The historic Emanuel African Methodist Episcopal Church in Charleston, South Carolina reopened to worshippers today for the first time since a gunman opened fire and killed nine people.
Uniformed police officers stood guard as a measure of extra security but the service started with a message of love, recovery and healing.
Addressing the congregation, the Reverend Norvel Goff said:
We still believe that prayer changes things. Can I get a witness? But prayer not only changes things, it changes us.
On Thursday, 21-year-old Dylann Roof shot and killed nine people at the famous church, saying he targeted the victims because they were black.
Events to show solidarity are planned throughout the city and beyond, including the synchronized ringing of church bells. Governor Nikki Haley and Mayor Joseph Riley were also in attendance at the church service at Emanuel.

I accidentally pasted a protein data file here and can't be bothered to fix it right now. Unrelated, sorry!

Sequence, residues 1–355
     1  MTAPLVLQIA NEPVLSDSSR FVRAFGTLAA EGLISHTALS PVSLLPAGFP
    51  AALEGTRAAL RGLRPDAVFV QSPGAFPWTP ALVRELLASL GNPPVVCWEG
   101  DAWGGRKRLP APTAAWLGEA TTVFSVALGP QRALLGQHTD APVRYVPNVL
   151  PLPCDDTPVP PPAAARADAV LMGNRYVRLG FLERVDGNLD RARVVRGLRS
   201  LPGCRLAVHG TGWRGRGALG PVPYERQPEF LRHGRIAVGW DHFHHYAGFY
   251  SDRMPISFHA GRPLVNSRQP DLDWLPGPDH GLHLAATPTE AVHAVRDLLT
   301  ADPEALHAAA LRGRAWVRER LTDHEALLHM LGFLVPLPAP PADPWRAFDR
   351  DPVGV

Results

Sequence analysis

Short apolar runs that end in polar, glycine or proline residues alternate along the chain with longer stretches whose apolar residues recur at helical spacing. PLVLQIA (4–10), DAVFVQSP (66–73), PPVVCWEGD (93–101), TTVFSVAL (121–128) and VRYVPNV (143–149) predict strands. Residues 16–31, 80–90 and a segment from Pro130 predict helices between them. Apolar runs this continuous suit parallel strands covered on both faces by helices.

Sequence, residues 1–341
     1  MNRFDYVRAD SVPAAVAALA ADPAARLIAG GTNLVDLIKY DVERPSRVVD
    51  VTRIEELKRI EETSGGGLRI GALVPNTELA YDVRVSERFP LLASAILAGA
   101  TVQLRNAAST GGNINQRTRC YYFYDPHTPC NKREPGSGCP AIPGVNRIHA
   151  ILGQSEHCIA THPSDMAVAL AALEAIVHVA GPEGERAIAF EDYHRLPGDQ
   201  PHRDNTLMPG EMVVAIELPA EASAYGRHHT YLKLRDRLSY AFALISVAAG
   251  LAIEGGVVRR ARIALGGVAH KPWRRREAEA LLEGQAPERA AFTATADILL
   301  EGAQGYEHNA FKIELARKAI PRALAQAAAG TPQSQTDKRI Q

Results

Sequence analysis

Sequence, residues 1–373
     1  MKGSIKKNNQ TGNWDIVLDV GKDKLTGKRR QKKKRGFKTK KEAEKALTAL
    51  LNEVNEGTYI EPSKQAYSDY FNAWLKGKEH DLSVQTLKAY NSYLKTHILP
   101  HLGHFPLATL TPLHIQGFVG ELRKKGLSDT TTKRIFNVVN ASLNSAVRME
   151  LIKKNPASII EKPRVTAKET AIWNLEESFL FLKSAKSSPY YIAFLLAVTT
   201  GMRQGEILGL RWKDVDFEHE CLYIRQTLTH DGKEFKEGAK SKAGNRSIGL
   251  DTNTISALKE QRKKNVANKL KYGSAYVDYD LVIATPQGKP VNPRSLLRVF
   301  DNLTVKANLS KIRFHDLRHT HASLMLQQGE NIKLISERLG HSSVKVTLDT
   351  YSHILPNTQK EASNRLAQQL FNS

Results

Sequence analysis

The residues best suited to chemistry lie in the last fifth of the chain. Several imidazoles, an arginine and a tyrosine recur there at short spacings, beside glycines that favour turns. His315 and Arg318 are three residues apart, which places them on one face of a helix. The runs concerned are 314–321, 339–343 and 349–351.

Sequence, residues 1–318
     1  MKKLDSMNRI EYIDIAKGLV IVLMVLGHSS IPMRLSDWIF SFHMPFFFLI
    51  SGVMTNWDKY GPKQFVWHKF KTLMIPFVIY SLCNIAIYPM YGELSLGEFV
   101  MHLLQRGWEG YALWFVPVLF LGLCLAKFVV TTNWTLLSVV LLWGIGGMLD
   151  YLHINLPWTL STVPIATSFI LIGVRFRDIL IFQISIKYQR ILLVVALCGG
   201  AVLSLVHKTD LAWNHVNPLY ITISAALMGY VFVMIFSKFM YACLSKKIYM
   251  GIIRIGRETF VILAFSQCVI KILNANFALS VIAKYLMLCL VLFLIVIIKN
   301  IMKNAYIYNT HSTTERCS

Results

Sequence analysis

And members of the church say that despite the horrific circumstances they have been faced with, the welcoming spirit which Roof exploited is still there for all to see.
— Colin Daileda (@ColinDaileda) June 21, 2015
After a multiracial group of women sang “Amazing Grace” outside the church on Saturday, 29-year-old congregation member Shae Erdos said:
I think just because of what people have gone through emotions are definitely heightened, not just in Charleston but with anyone going to church because it is such a sacred place, it is such a safe place. To have something like that completely shattered by such evil — I think it will be in the back of everyone’s heads, really.
People are expected to join hands in solidarity on the Arthur Ravenel Bridge this evening. The bridge’s namesake is a former state lawmaker and a vocal Confederate flag supporter.
The strength these people are showing in the face of such tragedy is inspiring.